• forensic science;
  • sex determination;
  • forensic anthropology;
  • os coxae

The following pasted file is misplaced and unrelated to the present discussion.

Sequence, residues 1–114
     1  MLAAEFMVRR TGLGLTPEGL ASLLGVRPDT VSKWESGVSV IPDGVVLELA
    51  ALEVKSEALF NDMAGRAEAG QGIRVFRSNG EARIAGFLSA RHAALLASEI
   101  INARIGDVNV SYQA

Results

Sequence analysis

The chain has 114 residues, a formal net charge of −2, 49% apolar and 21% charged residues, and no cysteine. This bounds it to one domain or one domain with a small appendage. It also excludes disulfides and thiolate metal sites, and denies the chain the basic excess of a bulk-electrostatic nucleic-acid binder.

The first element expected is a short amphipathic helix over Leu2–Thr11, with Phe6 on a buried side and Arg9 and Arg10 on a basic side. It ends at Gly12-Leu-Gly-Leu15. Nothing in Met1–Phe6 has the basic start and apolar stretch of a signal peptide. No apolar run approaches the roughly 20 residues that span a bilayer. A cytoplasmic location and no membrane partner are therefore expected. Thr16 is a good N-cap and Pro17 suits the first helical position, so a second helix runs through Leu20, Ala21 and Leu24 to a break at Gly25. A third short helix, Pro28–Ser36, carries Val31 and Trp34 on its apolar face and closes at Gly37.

ABSTRACT: A recently proposed method for determining sex from the os coxae reports a 98% success rate using European collections. The purposes of the present study are to (1) evaluate the success rate of this proposed method using modern American os coxae from different population subgroups; (2) compare the success rate of the new method with that obtained using traditional techniques; and (3) determine replicability of the new method and interobserver error. Eight hundred and seventy-six adult left os coxae were independently evaluated by both authors. Summary statistics for sex classifications were calculated for the total sample and for a random sample of 400 individuals. The impact of sex and ancestry on the success of each method was calculated on the random sample using Pearson's χ2 values. Results demonstrate that for modern American os coxae, neither sex nor race have a significant impact on the success rate for either the new or traditional methods (p<0.01). Additionally, the success rate of the new method is comparable with that obtained using traditional techniques. Finally, interobserver error using the new method for overall sex determination is low.